Some areas in the mountainous region are still inaccessible following the flooding in the state’s east that turned roads into rivers, washed out bridges and swept away houses. Off-and-on rain plus poor cell phone service are also complicating rescue efforts.
Rescuers in Kentucky are taking the search effort door-to-door in worsening weather conditions as they brace for a long and grueling effort to locate victims of flooding that devastated the state’s east.
‘This is one of the most devastating, deadly floods that we have seen in our history… And at a time that we’re trying to dig out, it’s raining,’ Governor Andy Beshear told NBC’s Meet the Press.
‘We’re going to work to go door to door, work to find, again, as many people as we can. We’re even going to work through the rain. But the weather is complicating it.’
A Perry County school bus and other debris are seen in a creek near Jackson, Kentucky on Sunday. The death count is now at 28, with more expected in the coming days
Some areas in the mountainous region are still inaccessible following the flooding in the state’s east that turned roads into rivers, washed out bridges and swept away houses. Off-and-on rain plus poor cell phone service are also complicating rescue efforts
Reggie Ritchie comforts wife Della as they pause while clearing out their destroyed manufactured home destroyed by the flooding from Troublesome Creek behind them in Fisty, Kentucky
Local volunteers unload donated goods for the community in Buckhorn, Kentucky, after devastating floods left many without homes and belongings
‘This is one of the most devastating, deadly floods that we have seen in our history… And at a time that we’re trying to dig out, it’s raining,’ Governor Andy Beshear told NBC’s Meet the Press
The number of dead in the flooding, caused by torrential rain that began on Wednesday, is expected to rise even further.
‘We’re going to be finding bodies for weeks, many of them swept hundreds of yards, maybe a quarter mile-plus from where they were lost,’ Beshear added.
Speaking to reporters on Sunday, Beshear became emotional talking about four children who were found dead in Knott County.
‘It says ‘minors,” the governor said looking at a list of the 15 people confirmed dead in the county, ‘They are children. The oldest one is in second grade,’ he said.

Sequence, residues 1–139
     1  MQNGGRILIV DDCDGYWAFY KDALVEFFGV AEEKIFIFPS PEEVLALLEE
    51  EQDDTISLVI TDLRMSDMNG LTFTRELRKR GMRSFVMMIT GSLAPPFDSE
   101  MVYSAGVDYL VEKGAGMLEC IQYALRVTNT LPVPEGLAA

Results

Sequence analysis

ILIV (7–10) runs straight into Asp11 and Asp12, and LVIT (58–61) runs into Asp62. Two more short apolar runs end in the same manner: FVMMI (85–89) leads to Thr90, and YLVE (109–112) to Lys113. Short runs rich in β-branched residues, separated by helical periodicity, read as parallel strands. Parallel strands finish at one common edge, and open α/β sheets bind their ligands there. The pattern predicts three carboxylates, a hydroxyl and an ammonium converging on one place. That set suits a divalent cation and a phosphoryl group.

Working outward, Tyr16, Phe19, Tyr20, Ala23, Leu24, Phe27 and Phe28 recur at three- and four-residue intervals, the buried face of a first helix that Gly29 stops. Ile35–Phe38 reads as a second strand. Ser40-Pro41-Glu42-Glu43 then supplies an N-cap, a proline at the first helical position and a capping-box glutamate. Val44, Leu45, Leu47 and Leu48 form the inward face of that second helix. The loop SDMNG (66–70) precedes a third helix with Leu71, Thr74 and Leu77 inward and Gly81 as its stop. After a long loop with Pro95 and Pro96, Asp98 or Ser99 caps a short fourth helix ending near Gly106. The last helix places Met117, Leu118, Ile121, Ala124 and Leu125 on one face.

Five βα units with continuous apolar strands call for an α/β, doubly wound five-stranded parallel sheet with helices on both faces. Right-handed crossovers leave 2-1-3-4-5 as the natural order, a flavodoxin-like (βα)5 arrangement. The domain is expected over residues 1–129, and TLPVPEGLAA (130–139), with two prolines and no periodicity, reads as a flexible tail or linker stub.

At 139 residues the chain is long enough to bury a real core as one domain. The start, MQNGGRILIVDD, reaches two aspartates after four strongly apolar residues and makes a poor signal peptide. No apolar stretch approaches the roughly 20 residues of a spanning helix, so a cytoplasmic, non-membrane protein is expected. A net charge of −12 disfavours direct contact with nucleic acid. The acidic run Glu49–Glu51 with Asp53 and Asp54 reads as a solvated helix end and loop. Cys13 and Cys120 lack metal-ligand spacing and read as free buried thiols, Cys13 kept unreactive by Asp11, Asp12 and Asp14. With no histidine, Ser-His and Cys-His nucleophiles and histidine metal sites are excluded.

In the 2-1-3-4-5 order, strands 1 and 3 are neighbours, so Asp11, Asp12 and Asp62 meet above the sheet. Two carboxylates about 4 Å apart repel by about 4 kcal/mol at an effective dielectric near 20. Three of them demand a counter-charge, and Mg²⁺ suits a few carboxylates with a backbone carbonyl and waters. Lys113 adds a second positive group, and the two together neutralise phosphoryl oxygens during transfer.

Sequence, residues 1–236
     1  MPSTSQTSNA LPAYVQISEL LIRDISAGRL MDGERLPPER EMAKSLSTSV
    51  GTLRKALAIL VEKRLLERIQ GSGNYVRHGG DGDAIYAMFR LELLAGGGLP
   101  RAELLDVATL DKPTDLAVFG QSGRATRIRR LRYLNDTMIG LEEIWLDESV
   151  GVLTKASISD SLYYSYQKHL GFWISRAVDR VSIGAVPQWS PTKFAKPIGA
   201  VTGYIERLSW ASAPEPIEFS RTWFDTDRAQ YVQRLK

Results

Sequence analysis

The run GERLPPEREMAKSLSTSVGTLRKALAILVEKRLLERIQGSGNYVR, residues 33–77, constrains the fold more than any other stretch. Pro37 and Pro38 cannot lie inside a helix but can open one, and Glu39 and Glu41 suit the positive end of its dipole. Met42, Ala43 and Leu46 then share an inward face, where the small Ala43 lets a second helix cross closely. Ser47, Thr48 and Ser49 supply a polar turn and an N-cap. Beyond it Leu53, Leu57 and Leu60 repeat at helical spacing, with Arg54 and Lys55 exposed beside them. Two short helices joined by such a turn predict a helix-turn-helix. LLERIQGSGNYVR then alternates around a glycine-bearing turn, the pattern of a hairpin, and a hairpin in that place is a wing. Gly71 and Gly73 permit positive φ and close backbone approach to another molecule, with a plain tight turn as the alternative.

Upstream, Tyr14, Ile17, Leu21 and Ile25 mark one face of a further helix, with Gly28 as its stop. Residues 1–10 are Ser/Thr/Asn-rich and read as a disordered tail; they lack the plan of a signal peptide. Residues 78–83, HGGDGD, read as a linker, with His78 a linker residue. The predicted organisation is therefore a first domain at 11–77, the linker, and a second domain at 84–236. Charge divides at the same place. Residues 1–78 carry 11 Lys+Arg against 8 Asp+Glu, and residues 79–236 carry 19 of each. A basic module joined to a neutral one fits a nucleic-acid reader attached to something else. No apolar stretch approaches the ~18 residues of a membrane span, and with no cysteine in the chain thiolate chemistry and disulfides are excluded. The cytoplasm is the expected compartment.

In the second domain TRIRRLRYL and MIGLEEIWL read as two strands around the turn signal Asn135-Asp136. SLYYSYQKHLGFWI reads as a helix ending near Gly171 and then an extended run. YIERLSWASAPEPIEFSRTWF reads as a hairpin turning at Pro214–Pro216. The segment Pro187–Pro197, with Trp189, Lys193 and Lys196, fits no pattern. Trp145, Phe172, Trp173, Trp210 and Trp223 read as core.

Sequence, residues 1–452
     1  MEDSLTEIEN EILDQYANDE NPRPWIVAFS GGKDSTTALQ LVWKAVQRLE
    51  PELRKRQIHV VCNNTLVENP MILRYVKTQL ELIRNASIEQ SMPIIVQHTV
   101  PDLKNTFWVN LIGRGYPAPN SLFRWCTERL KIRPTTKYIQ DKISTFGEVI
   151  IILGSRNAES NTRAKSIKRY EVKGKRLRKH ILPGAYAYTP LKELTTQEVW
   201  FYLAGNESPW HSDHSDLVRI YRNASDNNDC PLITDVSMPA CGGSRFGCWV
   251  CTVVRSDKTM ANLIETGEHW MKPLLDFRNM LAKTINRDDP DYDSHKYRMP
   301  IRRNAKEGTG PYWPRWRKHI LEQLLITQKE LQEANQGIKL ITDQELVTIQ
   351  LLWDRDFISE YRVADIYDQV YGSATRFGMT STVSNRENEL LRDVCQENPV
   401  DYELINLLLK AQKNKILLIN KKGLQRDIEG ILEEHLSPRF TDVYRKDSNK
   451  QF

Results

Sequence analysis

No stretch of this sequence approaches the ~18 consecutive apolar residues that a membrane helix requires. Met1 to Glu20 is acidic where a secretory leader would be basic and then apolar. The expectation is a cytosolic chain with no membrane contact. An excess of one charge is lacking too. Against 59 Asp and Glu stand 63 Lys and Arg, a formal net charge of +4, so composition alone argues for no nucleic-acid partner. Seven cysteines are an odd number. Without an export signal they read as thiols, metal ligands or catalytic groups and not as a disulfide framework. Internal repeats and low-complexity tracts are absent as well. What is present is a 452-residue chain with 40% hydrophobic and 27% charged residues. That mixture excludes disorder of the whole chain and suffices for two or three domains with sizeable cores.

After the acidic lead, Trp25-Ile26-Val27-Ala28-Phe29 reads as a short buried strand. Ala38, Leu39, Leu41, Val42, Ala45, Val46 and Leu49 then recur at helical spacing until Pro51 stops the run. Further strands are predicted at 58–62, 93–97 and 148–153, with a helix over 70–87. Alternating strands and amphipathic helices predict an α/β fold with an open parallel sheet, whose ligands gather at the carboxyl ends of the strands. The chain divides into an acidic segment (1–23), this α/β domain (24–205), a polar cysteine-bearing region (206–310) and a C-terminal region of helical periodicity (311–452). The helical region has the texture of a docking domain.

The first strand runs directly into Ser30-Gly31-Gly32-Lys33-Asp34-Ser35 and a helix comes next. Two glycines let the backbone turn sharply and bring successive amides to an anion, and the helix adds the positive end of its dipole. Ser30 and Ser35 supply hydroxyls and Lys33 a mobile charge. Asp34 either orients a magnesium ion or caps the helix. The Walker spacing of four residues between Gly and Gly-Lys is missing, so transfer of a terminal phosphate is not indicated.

The governor toured flooded areas and made stops in three counties on Sunday. Across the rain-soaked portions of the state, more than 350 people are living temporarily in shelters, he said.
Receding floodwaters had left a thick coating of dust on the streets as dark clouds presaged more rain ahead.
Some 35 miles (55 kilometers) south in the tiny community of Buckhorn, volunteers at a distribution center had 700 to 800 people had come through on Sunday alone to collect donated supplies ranging from food to paper towels and toiletries.
Power outages continue to plague the state, with at least 10,000 people in eastern Kentucky without power as of Monday morning. 60,000 water service connections are either dry or under boil advisories. Officials say bottled water is one of the state’s most needed donation supplies.
ATV drivers ferrying generator fuel and water drive around Jessica Willett’s home, which was torn from its foundations during flooding
Rescuers in Kentucky are taking the search effort door-to-door in worsening weather conditions as they brace for a long and grueling effort to locate victims of flooding that devastated the state’s east
The North Fork Kentucky River, which flooded due to heavy rains in parts of eastern Kentucky, in Jackson County, Kentucky
Debris surrounds a badly damaged home near Jackson after historic flooding swept through eastern Kentucky, leaving many with devastated homes
Corissa Creek (left) and Haley Gayheart help clean at the house of a friend who is eight months pregnant and unable to clean in Jackson, Kentucky
The floods hit a region of Kentucky that was already suffering from grinding poverty, driven by the decline of the coal industry that was the heart of its economy, taking everything from people who could least afford it.
‘It wiped out areas where people didn’t have that much to begin with,’ Beshear added.
Some areas in eastern Kentucky reported receiving more than eight inches (20cm) of rain within 24 hours.
The water level of the North Fork of the Kentucky River at Whitesburg rose to a staggering 20 feet (6.09m) within hours, well above its previous record of 14.7 feet (4.4m).
The National Weather Service’s Weather Prediction Center said: ‘The threat of flash flooding will continue through the afternoon and early evening hours from showers and thunderstorms with very heavy rainfall rates.’
President Joe Biden has issued a disaster declaration for the Kentucky flooding, allowing federal aid to supplement state and local recovery efforts.
The eastern Kentucky flooding is the latest in a series of extreme weather events that scientists say are an unmistakable sign of climate change.
Nearly 60 people were killed in western Kentucky by a tornado in December 2021 – a disaster that Beshear said offered lessons for current efforts on the other end of the state.
‘We learned a lot of lessons in western Kentucky on those devastating tornados about seven months ago, so we are providing as much support as we can and we are moving fast from all over the state to help out,’ he told CNN on Saturday.